As of October 1, 2014, CVS/pharmacy stores will no longer sell tobacco products and cigarettes. CVS Caremark Corporation (NYSE: CVS) made the announcement Wednesday in a press release, where the company explained the driving forces behind the decision.
“Ending the sale of cigarettes and tobacco products at CVS/pharmacy is the right thing for us to do for our customers and our company to help people on their path to better health,” Larry J. Merlo, President and CEO of CVS Caremark stated. “Put simply, the sale of tobacco products is inconsistent with our purpose.”
The Office on Smoking and Health (or, OSH), an office within the Centers for Disease Control and Prevention, states that the leading cause of preventable death in the U.S. each year is tobacco use. In addition to publishing information on how to quit and programs to assist smokers, OSH compiles data on smoking’s adverse health effects. Compared to nonsmokers, mortality is three times higher for a person who has smoked, regardless of sex. Smoking increases the risk of death from cancers of the esophagus, larynx, lung, and oral cavity, which contribute to the higher mortality rate for smokers.
Even though smoking has declined from 42 percent of adults in 1965 to 18 percent today, it remains the leading cause of premature death in the U.S. Furthermore, an article published Wednesday in the Journal of the American Medical Association states that the smoking’s rate of reduction has plateaued; today, 42 million people continue to smoke, and smoking-related illnesses affect 16 million current and former smokers. The article by Troyen A. Brennan, MD, MPH and Steven A. Schroeder, MD calls out the role pharmacies play in perpetuating smoking. Recent studies have displayed that reducing the availability of tobacco products leads to a decline in use. However, by placing cigarettes and tobacco products in pharmacies, smoking becomes associated with health products.
“The new emphasis on restricting availability and reinforcing the social unacceptability of smoking casts a harsh light on pharmacies’ sale of cigarettes and other tobacco products. Advocates have long questioned the juxtaposition of the distribution of medications for promoting health with the sale of the single most deadly consumer product,” Brennan and Schroeder state. “The argument that pharmacies also sell tobacco-cessation products only heightens the paradox. This is primarily a U.S. problem: pharmacies in other developed countries do not sell cigarettes.”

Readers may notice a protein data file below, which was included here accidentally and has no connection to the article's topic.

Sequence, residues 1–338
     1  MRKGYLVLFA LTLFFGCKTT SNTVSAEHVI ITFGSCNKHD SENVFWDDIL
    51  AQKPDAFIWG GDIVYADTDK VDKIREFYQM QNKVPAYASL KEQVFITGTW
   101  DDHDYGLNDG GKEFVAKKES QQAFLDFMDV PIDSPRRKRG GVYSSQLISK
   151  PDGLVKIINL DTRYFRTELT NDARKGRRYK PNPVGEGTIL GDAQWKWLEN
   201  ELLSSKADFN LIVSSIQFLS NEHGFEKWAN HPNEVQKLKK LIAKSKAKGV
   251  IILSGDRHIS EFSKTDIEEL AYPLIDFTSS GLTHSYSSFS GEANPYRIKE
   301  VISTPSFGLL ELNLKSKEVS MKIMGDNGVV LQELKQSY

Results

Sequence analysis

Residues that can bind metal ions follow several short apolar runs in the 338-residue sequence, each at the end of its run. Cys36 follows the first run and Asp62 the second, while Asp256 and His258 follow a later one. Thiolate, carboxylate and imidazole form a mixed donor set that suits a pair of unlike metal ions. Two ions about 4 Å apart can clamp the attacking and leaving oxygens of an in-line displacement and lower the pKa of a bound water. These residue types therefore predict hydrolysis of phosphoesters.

CVS cited the article, and acknowledged the part it had played in contributing to the paradox. CVS says that its new policy brings it in-line with views taken by the American Medical Association, American Heart Association, American Cancer Society, American Lung Association, and American Pharmacists Association. Each group has voiced opinions against the sale of tobacco products in stores that also have pharmacies.
In the press release, CVS also revealed it will begin a program this spring to help people stop smoking. Resources and treatment will be available at CVS, MinuteClinic, and online. ”Every day, all across the country, customers and patients place their trust in our 26,000 pharmacists and nurse practitioners to serve their health care needs,” Helena B. Foulkes, President of CVS/pharmacy said. “Removing tobacco products from our stores is an important step in helping Americans to quit smoking and get healthy.”
CVS projects a loss of $2 billion in annual revenues as a result of no longer having tobacco consumers at its more than 7,600 CVS/pharmacy stores. This is an overall per share loss of 17 cents. Due to the timing of the announcement, CVS said the earnings per share loss for 2014 will be between 6 and 9 cents.
In the third-quarter of 2013, CVS reports that revenues for the three months ending September 30 increased year-over-year by 5.8 percent to reach $32 billion. During that same period, revenues from the Pharmacy Services Segment were up 7.8 percent from the previous year to $19.5 billion. The company will holds its 2013 fourth-quarter earnings call on February 11. CVS said it has identified potential opportunities to offset the impact on profits, but did not detail what they were in the press release.